I wish to advertise the Method of Condensation in proving determinantal evaluation. The **key** is guess the answer, which is thanks to Ehud Meir. Then, generalize it a bit. Let $x_1, x_2,\dots$ be an infinite set of variables and modify the original matrix (by shifting variables) to $M^{a,b}(n)$ so that
$$M_{i,j}^{a,b}(n):=\frac{x_{\max(i+a,j+b)}}{x_{\min(i+a,j+b)}}.$$
*Convention:* $M^{0,0}(n)=M(n)$.

**Claim.** If $a\neq b$ then $\det M^{a,b}(n)=0$, and if $a=b$ then
$$\det M^{a,a}(n)=\prod_{r=2}^n\frac{x_{k-1+a}^2-x_{k+a}^2}{x_{k-1+a}^2}.\tag1$$
**Proof.** The case $a\neq b$ is easy - simply factor out a variable from $n^{th}$-column/row and another variable from the $(n-1)^{th}$-column/row. These new columns/rows are identical.

Inductive proofs neatly work with this Dodgson's recursive relation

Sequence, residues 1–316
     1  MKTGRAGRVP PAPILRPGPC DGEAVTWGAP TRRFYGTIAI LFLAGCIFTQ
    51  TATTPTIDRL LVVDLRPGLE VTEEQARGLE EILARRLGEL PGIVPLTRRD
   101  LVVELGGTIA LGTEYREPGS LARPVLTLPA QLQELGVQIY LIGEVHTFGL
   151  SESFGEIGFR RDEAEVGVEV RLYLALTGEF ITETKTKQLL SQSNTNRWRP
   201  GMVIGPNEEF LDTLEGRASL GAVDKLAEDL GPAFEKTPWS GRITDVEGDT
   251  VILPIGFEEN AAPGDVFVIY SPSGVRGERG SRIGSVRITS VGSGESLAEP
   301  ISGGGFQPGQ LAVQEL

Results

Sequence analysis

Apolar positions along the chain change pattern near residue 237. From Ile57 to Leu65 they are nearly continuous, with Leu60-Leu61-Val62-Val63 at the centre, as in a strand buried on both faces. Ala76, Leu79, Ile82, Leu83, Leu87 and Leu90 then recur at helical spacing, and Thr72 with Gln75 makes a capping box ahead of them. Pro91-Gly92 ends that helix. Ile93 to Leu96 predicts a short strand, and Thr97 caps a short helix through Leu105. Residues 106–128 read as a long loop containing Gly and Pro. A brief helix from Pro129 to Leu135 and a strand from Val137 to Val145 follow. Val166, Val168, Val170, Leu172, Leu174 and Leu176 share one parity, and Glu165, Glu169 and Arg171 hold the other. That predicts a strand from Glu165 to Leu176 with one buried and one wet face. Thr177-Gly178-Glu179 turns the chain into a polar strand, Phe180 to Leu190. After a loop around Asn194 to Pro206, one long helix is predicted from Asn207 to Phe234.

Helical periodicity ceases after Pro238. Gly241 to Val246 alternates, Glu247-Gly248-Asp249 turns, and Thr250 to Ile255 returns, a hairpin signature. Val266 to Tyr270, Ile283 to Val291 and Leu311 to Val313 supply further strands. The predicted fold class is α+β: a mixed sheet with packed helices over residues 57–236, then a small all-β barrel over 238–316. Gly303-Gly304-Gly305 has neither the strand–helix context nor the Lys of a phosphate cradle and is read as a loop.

$$\det Z^{0,0}(n)=\frac{\det Z^{1,1}(n-1)\det Z^{1,1}(n-1)-\det Z^{0,1}(n-1)\det Z^{1,0}(n-1)}{\det Z^{1,1}(n-2)}$$
satisfied by any matrix (so long as denominators do not vanish). Thus, it holds for $\det M^{a,b}(n)$.
So, it remains to prove that the (explicit) formula on the RHS of (1) *does* satisfy the same equation. However, this is quite a routine simplification (preferably with symbolic sofwares). The proof follows. $\square$